+0

# Finding the fourth root?

0
562
2
+564

Find the four  fourth roots of -3 + 4i and express the roots in polar coordinates.

chilledz3non  May 29, 2014

#1
+26399
+5

If we have a general point (x, y) in Cartesian coordinates, the polar form is (R, Θ) where R = √(x2 + y2) and

Θ = tan-1(y/x).

And if we are in the complex plane, the point z = x + iy is z = Re in polar coordinates.

Your point is z = -3 + 4i  so, in polar form it is z = Re where R = 5 and Θ = tan-1(4/-3) (note that this is an angle in the 2nd quadrant, because the x-value is negative while the y-value is positive). Because you can add any multiple of 2pi (360°) to Θ without changing the value of e, we can also write z = rei(Θ+2pi*k) where k is an integer.

To find the fourth root of a complex number in polar form we simply take the fourth root of r and divide the angle by 4.  That is: z1/4 = r1/4ei(θ+2pi*k)/4.  So  z1/4 = 51/4ei(tan-1(4/-3)+2pi*k).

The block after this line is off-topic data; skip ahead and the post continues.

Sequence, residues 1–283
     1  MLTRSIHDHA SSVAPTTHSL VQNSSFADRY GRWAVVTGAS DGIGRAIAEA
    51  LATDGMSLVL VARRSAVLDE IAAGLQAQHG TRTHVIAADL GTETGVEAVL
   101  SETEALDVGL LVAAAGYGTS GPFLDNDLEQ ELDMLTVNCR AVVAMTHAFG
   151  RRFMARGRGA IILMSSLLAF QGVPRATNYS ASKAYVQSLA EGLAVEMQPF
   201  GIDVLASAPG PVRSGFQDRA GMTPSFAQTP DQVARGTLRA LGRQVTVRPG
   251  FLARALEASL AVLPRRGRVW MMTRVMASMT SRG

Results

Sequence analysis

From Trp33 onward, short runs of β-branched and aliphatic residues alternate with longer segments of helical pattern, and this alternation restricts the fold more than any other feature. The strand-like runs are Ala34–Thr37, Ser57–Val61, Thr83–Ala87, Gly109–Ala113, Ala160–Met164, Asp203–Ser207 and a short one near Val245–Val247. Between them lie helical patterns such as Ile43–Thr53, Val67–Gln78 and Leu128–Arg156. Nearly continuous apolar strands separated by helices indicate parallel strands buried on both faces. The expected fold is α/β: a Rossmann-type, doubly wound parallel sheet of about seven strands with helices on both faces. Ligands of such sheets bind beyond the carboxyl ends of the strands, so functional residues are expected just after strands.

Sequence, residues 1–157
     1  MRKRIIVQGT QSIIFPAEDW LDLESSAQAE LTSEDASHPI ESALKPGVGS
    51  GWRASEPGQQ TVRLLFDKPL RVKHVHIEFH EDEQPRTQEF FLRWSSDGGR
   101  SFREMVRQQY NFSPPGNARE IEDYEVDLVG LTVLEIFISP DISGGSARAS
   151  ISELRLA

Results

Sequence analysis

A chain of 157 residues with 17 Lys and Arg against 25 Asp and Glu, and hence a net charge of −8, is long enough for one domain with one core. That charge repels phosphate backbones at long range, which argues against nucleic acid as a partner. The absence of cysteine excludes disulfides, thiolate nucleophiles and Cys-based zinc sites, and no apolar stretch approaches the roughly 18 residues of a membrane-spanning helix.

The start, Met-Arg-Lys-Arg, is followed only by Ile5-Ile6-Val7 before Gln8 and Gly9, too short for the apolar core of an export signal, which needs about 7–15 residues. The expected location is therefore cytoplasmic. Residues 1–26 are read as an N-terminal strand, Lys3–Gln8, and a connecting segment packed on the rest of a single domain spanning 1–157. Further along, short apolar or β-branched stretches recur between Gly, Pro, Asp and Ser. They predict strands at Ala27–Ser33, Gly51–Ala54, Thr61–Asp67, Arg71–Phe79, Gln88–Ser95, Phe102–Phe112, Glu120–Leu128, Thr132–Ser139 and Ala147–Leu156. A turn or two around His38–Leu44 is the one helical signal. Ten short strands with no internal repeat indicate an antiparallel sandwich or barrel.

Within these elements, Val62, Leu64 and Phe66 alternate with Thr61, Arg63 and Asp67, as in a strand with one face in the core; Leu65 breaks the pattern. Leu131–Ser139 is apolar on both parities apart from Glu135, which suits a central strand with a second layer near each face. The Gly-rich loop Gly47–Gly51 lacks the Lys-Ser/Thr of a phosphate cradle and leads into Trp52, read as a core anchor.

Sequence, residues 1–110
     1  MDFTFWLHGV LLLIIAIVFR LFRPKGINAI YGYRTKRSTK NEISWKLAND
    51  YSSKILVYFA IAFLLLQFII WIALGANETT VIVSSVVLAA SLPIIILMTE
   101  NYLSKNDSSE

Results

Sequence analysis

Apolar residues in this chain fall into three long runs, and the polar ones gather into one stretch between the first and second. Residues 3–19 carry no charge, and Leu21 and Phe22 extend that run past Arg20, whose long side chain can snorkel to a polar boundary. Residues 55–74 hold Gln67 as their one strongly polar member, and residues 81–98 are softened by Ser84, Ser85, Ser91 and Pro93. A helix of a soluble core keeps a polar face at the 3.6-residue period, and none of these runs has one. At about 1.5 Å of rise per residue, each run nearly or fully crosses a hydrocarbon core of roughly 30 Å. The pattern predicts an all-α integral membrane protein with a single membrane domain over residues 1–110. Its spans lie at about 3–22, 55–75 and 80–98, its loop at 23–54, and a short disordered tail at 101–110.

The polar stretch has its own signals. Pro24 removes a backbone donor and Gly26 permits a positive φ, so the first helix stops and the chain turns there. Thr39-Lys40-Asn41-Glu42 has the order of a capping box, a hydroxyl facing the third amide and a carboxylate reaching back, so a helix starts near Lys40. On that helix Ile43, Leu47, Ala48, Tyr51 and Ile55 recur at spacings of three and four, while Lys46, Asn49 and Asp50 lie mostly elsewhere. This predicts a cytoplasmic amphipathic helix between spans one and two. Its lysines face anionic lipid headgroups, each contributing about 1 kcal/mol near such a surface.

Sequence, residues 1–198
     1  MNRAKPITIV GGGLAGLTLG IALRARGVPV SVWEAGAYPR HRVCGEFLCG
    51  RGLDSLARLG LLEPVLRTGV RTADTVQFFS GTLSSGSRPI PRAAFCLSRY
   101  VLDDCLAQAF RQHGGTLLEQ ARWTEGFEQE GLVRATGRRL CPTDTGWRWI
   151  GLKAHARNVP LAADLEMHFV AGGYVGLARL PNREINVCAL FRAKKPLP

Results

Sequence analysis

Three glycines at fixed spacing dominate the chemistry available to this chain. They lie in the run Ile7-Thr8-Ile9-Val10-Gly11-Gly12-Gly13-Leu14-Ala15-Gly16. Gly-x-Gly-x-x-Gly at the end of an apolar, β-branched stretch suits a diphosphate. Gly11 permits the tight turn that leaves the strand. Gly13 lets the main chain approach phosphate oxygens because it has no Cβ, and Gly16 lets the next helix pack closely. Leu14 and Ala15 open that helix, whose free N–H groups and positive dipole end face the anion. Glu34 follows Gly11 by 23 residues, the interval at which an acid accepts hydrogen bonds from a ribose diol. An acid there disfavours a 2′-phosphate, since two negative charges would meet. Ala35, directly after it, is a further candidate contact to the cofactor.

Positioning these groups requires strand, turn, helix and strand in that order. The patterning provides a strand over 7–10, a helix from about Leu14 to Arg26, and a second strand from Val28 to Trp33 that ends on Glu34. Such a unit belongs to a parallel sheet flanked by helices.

We can let k = 1, 2, 3 and 4 to get the four roots.

We can write this as z1/4 = re,  where r = 51/4 and θ = tan-1(4/-3) + 2pi*k.

The result of doing this is summarised in the image below:

Alan  May 29, 2014
Sort:

#1
+26399
+5

If we have a general point (x, y) in Cartesian coordinates, the polar form is (R, Θ) where R = √(x2 + y2) and

Θ = tan-1(y/x).

And if we are in the complex plane, the point z = x + iy is z = Re in polar coordinates.

Your point is z = -3 + 4i  so, in polar form it is z = Re where R = 5 and Θ = tan-1(4/-3) (note that this is an angle in the 2nd quadrant, because the x-value is negative while the y-value is positive). Because you can add any multiple of 2pi (360°) to Θ without changing the value of e, we can also write z = rei(Θ+2pi*k) where k is an integer.

To find the fourth root of a complex number in polar form we simply take the fourth root of r and divide the angle by 4.  That is: z1/4 = r1/4ei(θ+2pi*k)/4.  So  z1/4 = 51/4ei(tan-1(4/-3)+2pi*k).

We can let k = 1, 2, 3 and 4 to get the four roots.

We can write this as z1/4 = re,  where r = 51/4 and θ = tan-1(4/-3) + 2pi*k.

The result of doing this is summarised in the image below:

Alan  May 29, 2014
#2
+564
0

Thank you Alan!

chilledz3non  May 29, 2014

### 7 Online Users

We use cookies to personalise content and ads, to provide social media features and to analyse our traffic. We also share information about your use of our site with our social media, advertising and analytics partners.  See details